Materials and Methods


Twenty-four right-handed participants from the general student population at the University of Oregon completed the study. Due to EEG data quality (two participants) and behavioral performance (five participants), data from seven participants were not analyzed further. Of the remaining 17 participants, 7 were males, and their age ranged between 19 and 60 (median = 22, SD = 12.4). It is noted that three participants had age ranging from 57 to 60. When these participants were removed (median = 22, SD = 3.3), the significant behavioral and dEEG results reported below do not change. Therefore, we retained these three subjects in all analyses.

All participants had normal or corrected-to-normal vision and reported no history of seizures or loss of consciousness and no current medications or use of illicit drugs that could affect the EEG. The experimental protocol was approved by institutional review boards at EGI, the University of Oregon, and the Office of Naval Research. All subjects provided informed written consent prior and received $30 for participating.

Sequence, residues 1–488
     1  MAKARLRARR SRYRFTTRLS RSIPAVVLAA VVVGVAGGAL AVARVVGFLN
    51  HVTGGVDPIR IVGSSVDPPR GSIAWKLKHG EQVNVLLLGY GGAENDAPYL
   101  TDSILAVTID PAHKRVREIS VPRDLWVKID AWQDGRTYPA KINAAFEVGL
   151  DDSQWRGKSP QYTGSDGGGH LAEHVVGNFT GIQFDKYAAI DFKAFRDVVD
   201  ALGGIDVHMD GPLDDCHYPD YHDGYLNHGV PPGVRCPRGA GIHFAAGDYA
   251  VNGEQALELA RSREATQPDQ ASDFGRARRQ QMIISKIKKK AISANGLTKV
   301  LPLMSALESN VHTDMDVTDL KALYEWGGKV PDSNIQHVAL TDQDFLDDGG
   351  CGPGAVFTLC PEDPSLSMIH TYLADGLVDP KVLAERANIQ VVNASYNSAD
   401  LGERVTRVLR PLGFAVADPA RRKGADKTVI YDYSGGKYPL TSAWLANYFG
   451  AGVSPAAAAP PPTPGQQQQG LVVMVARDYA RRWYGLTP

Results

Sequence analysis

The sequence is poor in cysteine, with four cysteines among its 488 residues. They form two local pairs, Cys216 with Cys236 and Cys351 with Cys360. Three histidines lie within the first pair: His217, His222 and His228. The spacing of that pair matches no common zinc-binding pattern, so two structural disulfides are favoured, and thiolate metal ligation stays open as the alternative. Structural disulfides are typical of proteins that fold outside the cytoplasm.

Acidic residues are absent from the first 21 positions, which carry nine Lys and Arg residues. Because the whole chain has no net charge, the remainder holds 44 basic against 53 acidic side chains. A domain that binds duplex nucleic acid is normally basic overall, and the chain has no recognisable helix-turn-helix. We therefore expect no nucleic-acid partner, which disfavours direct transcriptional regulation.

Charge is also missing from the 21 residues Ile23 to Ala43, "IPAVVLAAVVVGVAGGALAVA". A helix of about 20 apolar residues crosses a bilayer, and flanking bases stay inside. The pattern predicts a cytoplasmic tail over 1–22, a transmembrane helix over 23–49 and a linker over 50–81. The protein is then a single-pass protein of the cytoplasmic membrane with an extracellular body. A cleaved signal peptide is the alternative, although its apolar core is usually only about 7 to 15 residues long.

Stimuli and Experimental Design

Each stimulus (see Figure 1) consisted of two diagonal, overlapping wrenches (Weber et al., 1997; Caggiano and Parasuraman, 2004). In each stimulus, the two wrenches differed in shape (one contained a hexagonally shaped head and the other a C-shaped head) and in color (green or purple). Each stimulus was divided virtually into four quadrants; the head for each wrench appeared in one of these four quadrants in any given stimulus. The total set of stimuli included all possible combinations of wrench color, wrench head quadrant, and depth (which wrench was overlaid on top of the other), resulting in a set of 32 stimuli. Each stimulus from the total available set was used equally often across all experimental blocks. Participants viewed each stimulus at a distance of 65 cm from the monitor, and each stimulus subtended 9.5° × 9.5°.